And having been worried that they wouldn't have time to resolve the situation, the resolution is incredibly rushed, with a forced exposition scene delivered as outright exposition by Seven while in a Mexican standoff. At this moment the show is feeling more like Firefly than Star Trek, down to Stewart's impression of the madman Niska. Well I guess this all got fixed right quick, with apparently nothing the enemy could do with transporters, even though we later see countless people with emergency transporter escape mechanisms in place. And they all get away scott-free, which even in Firefly wouldn't happen. I suppose I'm also a bit surprised right after this that Picard lectures Seven about murder, followed by immediately beaming her down to do her murders. Am I misunderstanding something, or was this meant to be ironic? Why tell her not to murder and then smile while beaming her down to do it anyhow? Or did he not know she was heading right back in? I suppose she'll survive the encounter even though it seems inconceivable she could.

I'll also point out once again that Picard is being held up by the show as his good old moralizing self, which I wouldn't mind except it's also trying to make him out at the same time as having learned the error of his lawful good ways. So which way is it going to be?

Overall my running commentary more or less covered the things I needed to say, but there's one thing I have chiefly omitted to note: this was neither a pleasant nor a fun episode. It felt depressing the whole way through. Maybe this is my prior evening seeping in, but if I can't even rely on Trek being vaguely uplifting then I don't know why it exists.

Oh, and one side note: Agnes Juranti is extremely annoying. I'll go as far as to say I suspect she actually is the weak link on the acting team. Everything is forced, telegraphed, and irritating. I think I may have noticed in passing someone else saying this, but she strikes me as being a kind of Tilly clone. I feel like she belongs more on Firely (again) than here, and he constant antics make it very hard to focus on the importance of the scenes. But unlike Firefly, the tone of this show can't really support intermittent random comedy, because it wants us to take it far too seriously for that to be possible. So the 'comic' bits end up being cosmic failures.

I did not like this one, which I will rate even lower than last week's. The show is headed down what I fear is a slippy slope towards being like DISC after all, in all the wrong ways.
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James White
Fri, Feb 21, 2020, 11:43pm (UTC -6)
Re: PIC S1: Stardust City Rag

I'm beginning to think the disconnect has more to do with the curiously malleable mindsets of people today. People are less grounded in their thinking and judgments. Writ large, it helps explain the oddly antagonistic, often cognitively dissonant culture/populace of America. Less TV, social media, and internet meandering. A little more reading and outdoor time.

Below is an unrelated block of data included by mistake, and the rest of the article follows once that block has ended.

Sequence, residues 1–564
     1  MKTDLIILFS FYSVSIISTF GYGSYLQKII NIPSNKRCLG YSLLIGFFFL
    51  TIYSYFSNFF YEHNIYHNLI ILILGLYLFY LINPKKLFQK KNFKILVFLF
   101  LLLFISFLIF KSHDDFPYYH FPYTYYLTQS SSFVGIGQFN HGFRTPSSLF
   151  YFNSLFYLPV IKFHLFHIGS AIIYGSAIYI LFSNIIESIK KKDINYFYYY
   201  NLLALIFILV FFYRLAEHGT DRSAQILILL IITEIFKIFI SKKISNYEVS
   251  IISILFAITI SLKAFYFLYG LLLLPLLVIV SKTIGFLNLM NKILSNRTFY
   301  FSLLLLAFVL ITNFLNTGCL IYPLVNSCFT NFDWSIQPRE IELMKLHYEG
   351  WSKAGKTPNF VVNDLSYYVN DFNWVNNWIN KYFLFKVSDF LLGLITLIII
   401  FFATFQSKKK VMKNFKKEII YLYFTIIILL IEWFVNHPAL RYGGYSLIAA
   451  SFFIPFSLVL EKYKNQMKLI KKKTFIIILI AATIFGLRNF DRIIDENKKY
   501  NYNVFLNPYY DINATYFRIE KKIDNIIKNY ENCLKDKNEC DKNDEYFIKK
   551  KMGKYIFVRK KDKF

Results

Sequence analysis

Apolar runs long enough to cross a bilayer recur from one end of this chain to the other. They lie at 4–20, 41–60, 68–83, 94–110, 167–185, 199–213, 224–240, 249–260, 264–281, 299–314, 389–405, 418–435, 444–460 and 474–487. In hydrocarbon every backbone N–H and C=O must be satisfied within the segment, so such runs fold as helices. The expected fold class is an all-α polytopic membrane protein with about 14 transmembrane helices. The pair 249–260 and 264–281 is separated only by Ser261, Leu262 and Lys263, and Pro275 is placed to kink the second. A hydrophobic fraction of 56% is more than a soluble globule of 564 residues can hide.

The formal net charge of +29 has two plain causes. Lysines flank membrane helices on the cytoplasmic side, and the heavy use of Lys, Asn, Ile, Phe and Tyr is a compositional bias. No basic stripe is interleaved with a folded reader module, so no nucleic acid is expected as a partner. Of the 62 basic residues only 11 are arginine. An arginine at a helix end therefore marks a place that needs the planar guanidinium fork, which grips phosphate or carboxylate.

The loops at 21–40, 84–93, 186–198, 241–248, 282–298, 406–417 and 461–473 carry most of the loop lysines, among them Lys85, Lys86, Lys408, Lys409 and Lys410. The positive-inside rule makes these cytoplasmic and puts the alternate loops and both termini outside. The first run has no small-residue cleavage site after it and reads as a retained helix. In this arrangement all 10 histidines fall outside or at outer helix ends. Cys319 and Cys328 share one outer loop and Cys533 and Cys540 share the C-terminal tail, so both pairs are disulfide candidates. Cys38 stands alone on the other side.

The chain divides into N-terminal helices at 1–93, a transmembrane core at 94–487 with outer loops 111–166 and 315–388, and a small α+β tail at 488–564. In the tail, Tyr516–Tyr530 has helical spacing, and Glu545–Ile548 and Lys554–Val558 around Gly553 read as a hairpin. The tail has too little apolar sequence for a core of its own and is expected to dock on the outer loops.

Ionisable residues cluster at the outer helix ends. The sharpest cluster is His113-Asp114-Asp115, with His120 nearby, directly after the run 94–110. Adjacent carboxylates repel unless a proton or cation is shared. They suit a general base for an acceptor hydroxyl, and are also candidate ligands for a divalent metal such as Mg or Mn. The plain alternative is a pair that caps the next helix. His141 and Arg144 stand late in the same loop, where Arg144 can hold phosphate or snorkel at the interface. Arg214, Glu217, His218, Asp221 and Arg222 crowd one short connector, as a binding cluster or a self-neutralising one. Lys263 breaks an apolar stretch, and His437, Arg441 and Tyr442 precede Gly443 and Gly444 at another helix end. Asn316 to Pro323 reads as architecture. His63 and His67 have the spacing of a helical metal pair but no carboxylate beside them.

Also, ST is about the future. Stop talking crazy...:)
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spinalatte
Fri, Feb 21, 2020, 11:43pm (UTC -6)
Re: PIC S1: Remembrance

Very enjoyable, I look forward to the rest of the season. I watched 1 - 4, and rewatched episode 1 and still enjoyed it.
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Jammer
Fri, Feb 21, 2020, 11:38pm (UTC -6)
Re: PIC S1: Stardust City Rag

Review now posted.
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Henson
Fri, Feb 21, 2020, 11:35pm (UTC -6)
Re: PIC S1: Stardust City Rag

@MidshipmanNorris

"Star Trek is what the writers decide it needs to be, in order to give the actors something interesting to play. And that, I feel, is the true "established philosophy" of Trek. Star Trek isn't really about 'the future' or 'exploring space' at all, but simply an excuse for writers/actors to flex, which I love seeing."

That's about as vague as you can possibly get. Is Star Trek really nothing more than a canvas on which to paint? Surely, the franchise has more definition than simply 'give actors something interesting to play'.

Naturally, 'Star Trek' will mean somewhat different things to different people. But that doesn't mean that 'Star Trek' can be literally anything, either.
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James White
Fri, Feb 21, 2020, 11:22pm (UTC -6)
Re: PIC S1: Stardust City Rag